Just when you thought that BSODs were a thing of the past
After installing Microsoft's August 2014 Patch Tuesday updates, you may have noticed some wonky behavior in Windows. If you're especially unluckly, you may have even been experiencing those dreaded Blue Screen of Death errors that have largely been eradicated in recent years. It turns out there's some potentially buggy code that could cause BSODs after installing the updates, which prompted Microsoft to pull the patch offline while it investigates the issue.
Make your Windows XP-using friends/family members read this important PSA
Microsoft has officially pulled the plug on support for Windows XP. That’s it. Finite. Done. No more. Don’t expect to see any future patches, services packs, fixes, hotfixes, critical updates, anything — if you’re one of the one-fourth of desktop users or so who are still running the antiquated operating system (yes, there’s that many of you), you’re about to enter the Wild Wild West of computing.
A couple of last minute additions to Patch Tuesday address security holes in Windows XP
Today is the second Tuesday of the month, which means it's time to download a collection of security fixes from Microsoft. Otherwise known as Patch Tuesday, today's collection includes seven security bulletins, including two late additions that fill up patch remote code execution holes in Windows XP. These are some of the last updates Windows XP will ever receive, as Microsoft plans to stop supporting the legacy OS on April 8, 2014.
Microsoft has certainly had better Patch Tuesdays than the one that occurred last week. Throughout the week, the Redmond software giant has been pulling faulty security updates and re-issuing patches, and assuming it's all sorted out now, the total number of bad updates comes to six. They include KB 2876063, KB 2859537, KB 2843872, KB 2843638, KB 2843639, and KB 286846.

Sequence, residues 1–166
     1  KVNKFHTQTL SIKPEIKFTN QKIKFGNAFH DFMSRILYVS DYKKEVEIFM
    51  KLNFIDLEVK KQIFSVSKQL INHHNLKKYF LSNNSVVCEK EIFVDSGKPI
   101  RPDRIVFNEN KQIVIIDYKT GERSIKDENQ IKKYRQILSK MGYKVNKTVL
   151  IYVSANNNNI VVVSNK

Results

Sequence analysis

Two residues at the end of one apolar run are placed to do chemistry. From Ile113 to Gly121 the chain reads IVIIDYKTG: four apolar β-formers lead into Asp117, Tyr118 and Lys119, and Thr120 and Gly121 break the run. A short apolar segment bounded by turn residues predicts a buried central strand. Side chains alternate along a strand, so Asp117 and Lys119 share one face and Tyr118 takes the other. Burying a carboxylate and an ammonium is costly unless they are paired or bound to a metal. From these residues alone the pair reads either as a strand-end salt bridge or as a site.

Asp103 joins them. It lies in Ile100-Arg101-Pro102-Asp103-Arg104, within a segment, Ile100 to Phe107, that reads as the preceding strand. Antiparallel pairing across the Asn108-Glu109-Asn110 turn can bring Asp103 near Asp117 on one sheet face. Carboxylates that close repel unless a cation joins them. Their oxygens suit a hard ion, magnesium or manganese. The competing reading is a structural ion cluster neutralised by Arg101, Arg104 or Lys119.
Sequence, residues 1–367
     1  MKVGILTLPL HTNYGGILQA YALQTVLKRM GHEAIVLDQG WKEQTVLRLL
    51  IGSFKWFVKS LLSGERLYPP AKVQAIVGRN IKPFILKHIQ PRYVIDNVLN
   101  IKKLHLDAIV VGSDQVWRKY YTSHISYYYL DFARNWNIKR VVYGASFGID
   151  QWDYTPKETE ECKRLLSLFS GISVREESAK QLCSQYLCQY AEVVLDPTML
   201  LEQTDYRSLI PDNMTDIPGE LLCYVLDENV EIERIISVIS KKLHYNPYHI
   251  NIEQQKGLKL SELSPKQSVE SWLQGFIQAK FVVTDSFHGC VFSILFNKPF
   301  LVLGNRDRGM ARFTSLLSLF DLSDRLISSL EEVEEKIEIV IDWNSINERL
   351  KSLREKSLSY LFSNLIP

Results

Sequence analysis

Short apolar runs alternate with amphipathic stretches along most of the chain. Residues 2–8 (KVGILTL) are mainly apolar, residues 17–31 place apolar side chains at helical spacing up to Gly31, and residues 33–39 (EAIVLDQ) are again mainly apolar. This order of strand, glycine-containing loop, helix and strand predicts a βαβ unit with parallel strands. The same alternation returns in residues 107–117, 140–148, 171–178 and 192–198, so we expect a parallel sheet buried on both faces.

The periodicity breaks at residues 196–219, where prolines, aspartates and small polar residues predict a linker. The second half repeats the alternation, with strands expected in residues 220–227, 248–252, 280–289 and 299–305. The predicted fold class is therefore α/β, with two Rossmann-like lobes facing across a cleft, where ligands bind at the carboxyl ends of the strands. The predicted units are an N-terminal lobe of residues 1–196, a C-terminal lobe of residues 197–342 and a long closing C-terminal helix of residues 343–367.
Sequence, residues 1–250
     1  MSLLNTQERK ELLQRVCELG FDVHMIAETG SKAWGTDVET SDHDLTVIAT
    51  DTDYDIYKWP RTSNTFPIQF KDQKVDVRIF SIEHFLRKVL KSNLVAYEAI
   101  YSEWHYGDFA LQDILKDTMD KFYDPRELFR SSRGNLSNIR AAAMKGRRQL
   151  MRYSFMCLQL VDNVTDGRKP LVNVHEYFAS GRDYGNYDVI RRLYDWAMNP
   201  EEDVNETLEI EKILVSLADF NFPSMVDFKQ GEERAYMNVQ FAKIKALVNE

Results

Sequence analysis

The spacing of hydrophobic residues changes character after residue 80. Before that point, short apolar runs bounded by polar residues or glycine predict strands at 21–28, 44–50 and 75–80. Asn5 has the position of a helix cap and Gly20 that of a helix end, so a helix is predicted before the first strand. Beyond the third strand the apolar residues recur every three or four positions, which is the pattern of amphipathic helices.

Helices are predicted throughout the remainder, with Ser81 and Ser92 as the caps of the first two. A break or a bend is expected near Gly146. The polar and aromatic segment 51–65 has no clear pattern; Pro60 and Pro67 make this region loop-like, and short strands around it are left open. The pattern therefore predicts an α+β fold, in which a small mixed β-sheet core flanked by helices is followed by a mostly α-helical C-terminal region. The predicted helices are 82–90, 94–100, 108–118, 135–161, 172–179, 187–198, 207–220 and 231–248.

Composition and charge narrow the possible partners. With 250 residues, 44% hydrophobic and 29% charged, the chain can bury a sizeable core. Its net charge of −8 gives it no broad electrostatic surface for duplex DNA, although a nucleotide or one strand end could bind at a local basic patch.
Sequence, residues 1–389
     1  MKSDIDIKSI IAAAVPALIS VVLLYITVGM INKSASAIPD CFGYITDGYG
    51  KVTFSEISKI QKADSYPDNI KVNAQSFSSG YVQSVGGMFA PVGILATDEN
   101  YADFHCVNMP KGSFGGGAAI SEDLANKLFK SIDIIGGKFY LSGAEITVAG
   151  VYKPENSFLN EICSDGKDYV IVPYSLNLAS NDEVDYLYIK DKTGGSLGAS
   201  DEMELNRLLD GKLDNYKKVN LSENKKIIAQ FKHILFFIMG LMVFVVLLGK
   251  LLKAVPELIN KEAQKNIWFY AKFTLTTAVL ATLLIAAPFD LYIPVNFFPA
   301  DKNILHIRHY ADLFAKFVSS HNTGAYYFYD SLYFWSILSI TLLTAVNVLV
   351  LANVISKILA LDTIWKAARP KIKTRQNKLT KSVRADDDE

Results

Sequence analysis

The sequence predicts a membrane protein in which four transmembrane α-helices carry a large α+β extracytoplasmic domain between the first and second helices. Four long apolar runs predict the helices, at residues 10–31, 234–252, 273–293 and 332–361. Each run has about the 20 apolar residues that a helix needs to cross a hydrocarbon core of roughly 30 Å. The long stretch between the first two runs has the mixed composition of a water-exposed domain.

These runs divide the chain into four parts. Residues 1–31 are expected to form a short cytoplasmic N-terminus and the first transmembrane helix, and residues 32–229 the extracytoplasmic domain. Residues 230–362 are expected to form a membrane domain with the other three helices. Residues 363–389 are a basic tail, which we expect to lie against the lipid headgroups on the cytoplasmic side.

Microsoft today issued an advance notification of this month’s “Patch Tuesday” security updates for Windows and other software developed by it. According to its security bulletin advance notification for July 2012, Microsoft will deliver three “critical” and twice as many “important” security updates next Tuesday. Hit the jump for more.
Microsoft will deliver six security bulletins on April 10, 2012 as part of its monthly security update, the Redmond-based company said in an advance notification Thursday. The six security bulletins will, between them, address 11 vulnerabilities in Windows, Office, Internet Explorer, SQL Server. .NET Framework and Forefront Unified Access Gateway. Hit the jump for more.
Hey folks, it's time to patch your Windows PCs! Somebody tipped Microsoft off to a vulnerability in the way Windows handles the remote desktop protocol, and the problem turned out to be a biggie: the exploit allows attackers to run code without any user permissions whatsoever, and all Windows operating systems from XP on up are affected. The good news is that Microsoft has already issued a security patch for the problem. The bad news? Microsoft has taken the unusual step of suggesting you install the patch immediately, since it expects baddies to exploit the gaping security hole quickly.
With the next Patch Tuesday just around the corner, Microsoft on Thursday published the Security Bulletin Advance Notification for March 2012. Next week’s Patch Tuesday will be a lot lighter compared to the one in February. Hit the jump for more.
Microsoft ended 2011 with a late out-of-band patch that took the total number of security bulletins in the year to 100. If the first Patch Tuesday of 2012 is anything to go by, the software giant may not have too much trouble going past last year’s patch tally. The year’s first Patch Tuesday delivered seven vulnerabilities, one more than the last three January Patch Tuesdays combined.
Yesterday was no ordinary Tuesday. It was Microsoft’s eleventh Patch Tuesday of 2011. In keeping with Microsoft’s practice of releasing a lower volume of patches during odd-numbered months as compared to even ones, this month’s Patch Tuesday only contains four security bulletins, which is half of what the company shipped in October.